Skip to main content

The Cutting Edge of the Church

A year or so ago one of NZ's top surgeons came to speak at Carey Baptist College.  A staunch and thoughtful Christian, he was asked by the interviewer at one stage, "what is it that future church leaders in this room can do to support people like you in their work?"  He looked genuinely shocked by the question, "I have always felt that pastors were far more intereted in how I could support their ministry than in helping me in mine." 

I preached an experimental message yesterday evening on Eph 4:1-14.  It was a pretty simple message really, that Jesus has given apostles, prophets, pastors and teachers to the church to edify the church to do God's work in the world.  Or put another way, it is not the job of the church to support the ministry of the pastors, but the job of the pastors to support the ministry of the church.  It is not the minister, or the youth pastor, or whoever else happens to be on stage on a Sunday meeting that is the cutting edge of the church, it is everyone else, those who spend their days at work, in school, or making home in the neighbourhood. Beyond this basic attitudinal shift what can we do to reorient church away from the ministry of those upfront on Sunday towards the ministry of everyone's everyday lives?

Let me know what you think :-)

Comments

  1. This comment has been removed by a blog administrator.

    ReplyDelete
  2. Hi Jonathan,
    Yeeeesss. I agree.
    A Brethren friend of mine is of the opinion that going to church is not a matter of following a mission statement and various programmes to join, but rather a chance to support and nuture the congregation through teaching and singing and fellowship in order that they may go and live in the world.

    I think there's something in that. There's more I'd add, but it's too flaming late to get into it now :).

    ReplyDelete
  3. Hi Ali, that is a good way of putting it. And we certainly have to guard against church being an all consuming activity that gives us no spare time or energy for engaging with the outside world, in that case we are more cult than church. however programs that empower christians to do that engagement and provide avenues to move contact with others into disicpleship of others i think are very important, as long as the programs do not become the objective. sorry to keep you up late!

    ReplyDelete

Post a Comment

Popular posts from this blog

The Addictive Power of End Times Speculation

The mighty Rhett Snell has picked up his blog again (I wonder how long he'll last this time), check out his theory on why people get so into annoyingly unbiblical end times nonsense.

I think that where codes-and-calendars end times theology is dangerous, is that it can give a sense of false growth. We read a theory online, or hear it from some bible teacher, and we come to think that we have mastered an area of our faith. A bit like levelling up in a computer game, or Popeye after he’s eaten some spinach. At worst, we begin to believe that we’ve taken a step that other Christians have not; that we’ve entered an elite class of Christianity.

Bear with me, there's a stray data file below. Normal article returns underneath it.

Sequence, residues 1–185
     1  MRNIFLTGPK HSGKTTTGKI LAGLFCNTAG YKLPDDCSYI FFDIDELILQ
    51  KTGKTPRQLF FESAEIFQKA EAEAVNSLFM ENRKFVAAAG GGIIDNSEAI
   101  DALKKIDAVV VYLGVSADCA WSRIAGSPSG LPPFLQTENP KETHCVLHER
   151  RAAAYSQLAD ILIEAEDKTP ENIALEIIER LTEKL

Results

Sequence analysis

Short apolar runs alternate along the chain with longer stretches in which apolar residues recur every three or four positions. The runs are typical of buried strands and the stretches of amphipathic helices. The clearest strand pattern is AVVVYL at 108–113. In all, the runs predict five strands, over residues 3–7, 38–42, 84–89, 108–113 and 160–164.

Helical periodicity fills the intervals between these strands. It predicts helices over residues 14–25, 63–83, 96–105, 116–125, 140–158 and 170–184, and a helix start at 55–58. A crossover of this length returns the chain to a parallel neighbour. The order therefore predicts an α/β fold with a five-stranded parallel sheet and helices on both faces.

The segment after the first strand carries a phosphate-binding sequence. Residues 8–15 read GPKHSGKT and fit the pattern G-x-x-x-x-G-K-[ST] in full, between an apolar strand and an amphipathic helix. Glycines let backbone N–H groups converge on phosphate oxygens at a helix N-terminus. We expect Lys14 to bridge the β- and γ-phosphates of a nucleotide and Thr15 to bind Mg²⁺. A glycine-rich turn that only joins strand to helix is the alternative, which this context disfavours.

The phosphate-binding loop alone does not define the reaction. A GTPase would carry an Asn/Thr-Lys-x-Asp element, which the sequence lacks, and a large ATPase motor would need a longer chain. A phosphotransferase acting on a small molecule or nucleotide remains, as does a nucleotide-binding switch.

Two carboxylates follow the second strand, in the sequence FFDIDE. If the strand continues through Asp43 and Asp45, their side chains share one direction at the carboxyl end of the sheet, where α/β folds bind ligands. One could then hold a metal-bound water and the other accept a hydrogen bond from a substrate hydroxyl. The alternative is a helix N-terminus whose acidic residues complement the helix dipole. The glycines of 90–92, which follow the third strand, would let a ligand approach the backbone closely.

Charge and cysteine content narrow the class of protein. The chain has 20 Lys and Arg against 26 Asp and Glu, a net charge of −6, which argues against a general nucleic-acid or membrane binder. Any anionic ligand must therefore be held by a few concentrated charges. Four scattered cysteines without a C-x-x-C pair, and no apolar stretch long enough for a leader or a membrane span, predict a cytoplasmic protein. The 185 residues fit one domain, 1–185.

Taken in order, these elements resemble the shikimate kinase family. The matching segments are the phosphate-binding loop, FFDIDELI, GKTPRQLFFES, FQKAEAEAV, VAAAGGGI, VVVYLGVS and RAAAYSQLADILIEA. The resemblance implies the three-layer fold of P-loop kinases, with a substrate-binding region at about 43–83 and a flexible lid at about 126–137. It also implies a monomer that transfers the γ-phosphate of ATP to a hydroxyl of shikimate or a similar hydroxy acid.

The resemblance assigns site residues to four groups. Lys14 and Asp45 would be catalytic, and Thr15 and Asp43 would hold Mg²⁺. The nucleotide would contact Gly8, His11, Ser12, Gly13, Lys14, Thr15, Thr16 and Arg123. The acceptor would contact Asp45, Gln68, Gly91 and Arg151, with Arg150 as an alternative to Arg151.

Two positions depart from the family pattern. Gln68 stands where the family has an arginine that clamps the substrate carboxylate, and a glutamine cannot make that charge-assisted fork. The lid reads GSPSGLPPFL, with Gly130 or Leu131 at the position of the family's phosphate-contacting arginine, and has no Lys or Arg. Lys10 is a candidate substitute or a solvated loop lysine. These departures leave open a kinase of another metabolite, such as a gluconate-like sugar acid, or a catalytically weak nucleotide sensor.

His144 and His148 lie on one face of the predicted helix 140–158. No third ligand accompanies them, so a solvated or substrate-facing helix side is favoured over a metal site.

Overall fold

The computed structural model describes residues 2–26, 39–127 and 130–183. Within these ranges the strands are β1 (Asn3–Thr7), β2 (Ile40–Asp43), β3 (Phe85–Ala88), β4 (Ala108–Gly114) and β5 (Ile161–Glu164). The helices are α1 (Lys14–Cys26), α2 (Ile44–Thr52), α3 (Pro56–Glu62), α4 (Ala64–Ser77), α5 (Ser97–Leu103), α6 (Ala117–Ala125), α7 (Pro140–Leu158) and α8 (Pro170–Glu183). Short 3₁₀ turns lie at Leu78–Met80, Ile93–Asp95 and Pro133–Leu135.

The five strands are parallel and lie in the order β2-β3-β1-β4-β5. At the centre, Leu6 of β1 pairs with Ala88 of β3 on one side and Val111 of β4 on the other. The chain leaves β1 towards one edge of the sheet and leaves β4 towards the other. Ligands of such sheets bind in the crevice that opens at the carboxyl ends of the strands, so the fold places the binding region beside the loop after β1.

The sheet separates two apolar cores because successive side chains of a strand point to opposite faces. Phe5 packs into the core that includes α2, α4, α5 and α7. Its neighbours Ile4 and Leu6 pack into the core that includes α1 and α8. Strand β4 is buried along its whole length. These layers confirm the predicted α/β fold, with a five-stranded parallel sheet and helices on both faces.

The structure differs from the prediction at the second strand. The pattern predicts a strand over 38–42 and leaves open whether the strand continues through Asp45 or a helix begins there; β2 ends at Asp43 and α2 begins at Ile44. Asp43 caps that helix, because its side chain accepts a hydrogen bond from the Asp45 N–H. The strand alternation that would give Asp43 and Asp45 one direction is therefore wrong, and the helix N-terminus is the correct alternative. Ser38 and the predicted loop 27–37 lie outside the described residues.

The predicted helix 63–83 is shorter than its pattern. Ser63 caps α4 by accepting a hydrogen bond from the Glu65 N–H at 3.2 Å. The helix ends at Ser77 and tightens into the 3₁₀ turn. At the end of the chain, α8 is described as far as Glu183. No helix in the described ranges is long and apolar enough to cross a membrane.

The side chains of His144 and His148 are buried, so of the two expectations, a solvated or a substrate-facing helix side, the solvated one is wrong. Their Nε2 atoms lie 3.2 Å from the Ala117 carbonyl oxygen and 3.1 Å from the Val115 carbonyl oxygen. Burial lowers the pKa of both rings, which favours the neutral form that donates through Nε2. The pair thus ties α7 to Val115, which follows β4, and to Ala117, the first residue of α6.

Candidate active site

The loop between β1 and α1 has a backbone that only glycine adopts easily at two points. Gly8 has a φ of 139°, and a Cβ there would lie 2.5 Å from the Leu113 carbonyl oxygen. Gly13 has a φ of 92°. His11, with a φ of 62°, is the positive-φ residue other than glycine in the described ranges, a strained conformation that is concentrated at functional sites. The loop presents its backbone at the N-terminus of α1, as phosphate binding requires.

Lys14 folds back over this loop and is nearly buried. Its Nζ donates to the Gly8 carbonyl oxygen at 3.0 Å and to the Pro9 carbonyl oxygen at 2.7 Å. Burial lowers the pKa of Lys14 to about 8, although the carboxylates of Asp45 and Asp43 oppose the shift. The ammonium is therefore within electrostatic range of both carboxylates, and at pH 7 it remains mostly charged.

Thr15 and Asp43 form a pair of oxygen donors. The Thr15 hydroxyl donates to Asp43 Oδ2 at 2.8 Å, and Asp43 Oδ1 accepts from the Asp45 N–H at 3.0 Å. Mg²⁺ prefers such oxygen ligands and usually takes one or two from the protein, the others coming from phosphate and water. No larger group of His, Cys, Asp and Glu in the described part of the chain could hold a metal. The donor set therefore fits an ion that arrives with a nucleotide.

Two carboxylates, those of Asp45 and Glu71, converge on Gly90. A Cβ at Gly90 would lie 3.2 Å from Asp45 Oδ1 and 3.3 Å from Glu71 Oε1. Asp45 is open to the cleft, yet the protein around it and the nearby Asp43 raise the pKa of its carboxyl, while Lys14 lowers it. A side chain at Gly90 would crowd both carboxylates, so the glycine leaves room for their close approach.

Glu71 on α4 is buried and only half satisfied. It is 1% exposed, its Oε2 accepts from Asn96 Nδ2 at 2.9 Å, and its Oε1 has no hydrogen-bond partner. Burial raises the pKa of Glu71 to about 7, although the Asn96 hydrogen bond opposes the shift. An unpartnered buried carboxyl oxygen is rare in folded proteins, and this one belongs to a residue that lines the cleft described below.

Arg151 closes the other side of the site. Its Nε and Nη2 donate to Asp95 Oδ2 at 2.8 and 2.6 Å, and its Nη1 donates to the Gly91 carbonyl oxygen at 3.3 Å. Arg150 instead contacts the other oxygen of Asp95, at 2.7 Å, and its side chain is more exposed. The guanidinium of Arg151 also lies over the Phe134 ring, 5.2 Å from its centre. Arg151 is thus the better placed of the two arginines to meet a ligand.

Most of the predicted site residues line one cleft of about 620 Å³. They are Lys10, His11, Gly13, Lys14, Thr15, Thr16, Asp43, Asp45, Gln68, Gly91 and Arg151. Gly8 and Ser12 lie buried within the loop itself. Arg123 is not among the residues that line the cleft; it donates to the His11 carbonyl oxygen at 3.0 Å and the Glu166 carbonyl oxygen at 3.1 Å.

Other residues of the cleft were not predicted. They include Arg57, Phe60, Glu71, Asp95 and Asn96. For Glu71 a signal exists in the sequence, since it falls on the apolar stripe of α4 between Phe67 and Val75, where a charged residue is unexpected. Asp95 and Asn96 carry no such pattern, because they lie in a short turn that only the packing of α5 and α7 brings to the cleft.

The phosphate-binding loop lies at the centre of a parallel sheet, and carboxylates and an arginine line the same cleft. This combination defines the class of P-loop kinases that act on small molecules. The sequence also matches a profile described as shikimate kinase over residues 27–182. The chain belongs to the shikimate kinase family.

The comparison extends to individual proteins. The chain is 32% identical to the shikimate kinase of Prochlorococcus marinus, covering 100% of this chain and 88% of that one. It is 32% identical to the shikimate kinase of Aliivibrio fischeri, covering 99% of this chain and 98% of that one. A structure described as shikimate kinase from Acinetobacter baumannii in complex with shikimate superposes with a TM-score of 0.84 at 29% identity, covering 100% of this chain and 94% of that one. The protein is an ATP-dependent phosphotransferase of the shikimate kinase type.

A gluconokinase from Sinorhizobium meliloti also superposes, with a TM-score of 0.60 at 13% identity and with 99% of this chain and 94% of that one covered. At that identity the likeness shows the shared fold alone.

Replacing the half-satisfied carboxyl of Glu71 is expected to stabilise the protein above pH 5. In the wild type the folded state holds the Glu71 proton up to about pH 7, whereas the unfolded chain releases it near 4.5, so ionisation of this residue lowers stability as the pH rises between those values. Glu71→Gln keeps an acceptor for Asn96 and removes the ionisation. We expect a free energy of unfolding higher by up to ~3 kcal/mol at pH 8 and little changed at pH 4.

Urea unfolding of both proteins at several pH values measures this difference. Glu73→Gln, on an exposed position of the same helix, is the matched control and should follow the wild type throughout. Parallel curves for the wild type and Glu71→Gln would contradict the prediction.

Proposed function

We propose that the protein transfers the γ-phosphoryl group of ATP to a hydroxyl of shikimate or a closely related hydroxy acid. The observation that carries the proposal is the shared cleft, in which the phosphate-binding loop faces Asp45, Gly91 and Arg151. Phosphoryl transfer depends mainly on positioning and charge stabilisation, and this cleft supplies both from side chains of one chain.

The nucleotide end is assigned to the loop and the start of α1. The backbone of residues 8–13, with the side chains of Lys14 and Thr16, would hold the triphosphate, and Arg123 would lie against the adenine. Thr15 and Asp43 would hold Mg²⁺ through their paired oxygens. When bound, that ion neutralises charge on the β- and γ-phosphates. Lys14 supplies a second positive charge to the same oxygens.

Wars and Rumours of Wars

I write in the morning after the USA 2016 Elections, which featured the historic election of Donald Trump. Apart from my personal interested as a resident of planet Earth at this time, it is interesting to note some of the apocalyptic language emerging in discussions of what this means. Even archaeologists are turning to the medium of prophecy. Hear the word of Tobias Stone,
So I feel it’s all inevitable. I don’t know what it will be, but we are entering a bad phase. It will be unpleasant for those living through it, maybe even will unravel into being hellish and beyond imagination. Humans will come out the other side, recover and move on.  Stone suggests that future historians will be able to draw clear lines from Brexit to Trump to the 3rd World War, or something equally bad. Mind you, just because historians can draw those lines doesn't mean they are here.

Then there is the word of Thom Hartman who is more interested in the domestic fallout than the fallout shelter. 
The last …

The false link between suicide and mental illness

One characteristic of human society is the tendency to keep doing something over and over again despite it not working. One example would be our approach to incarcerating criminals to punish them instead of rehabilitating them, compounding their trauma and making it harder for them to live productive law-abiding lives when they get out. But this is the "common-sense" approach, the intuitive human response to the failings of others, punish them and they wont dare do it again. It has never worked, ever, but let's keep doing it. Secular society is screwed because it cannot comprehend that its vision is blurred by sin and therefore knee-jerk, common sense solutions are usually destructive and counter-productive.

So it is with our response to suicide. To kill yourself must be the response of the weak minded and sick - so the thinking goes - so to combat rising suicide we treat individuals medically. Yet suicide is a perfectly rational response to a world as broken as ours and…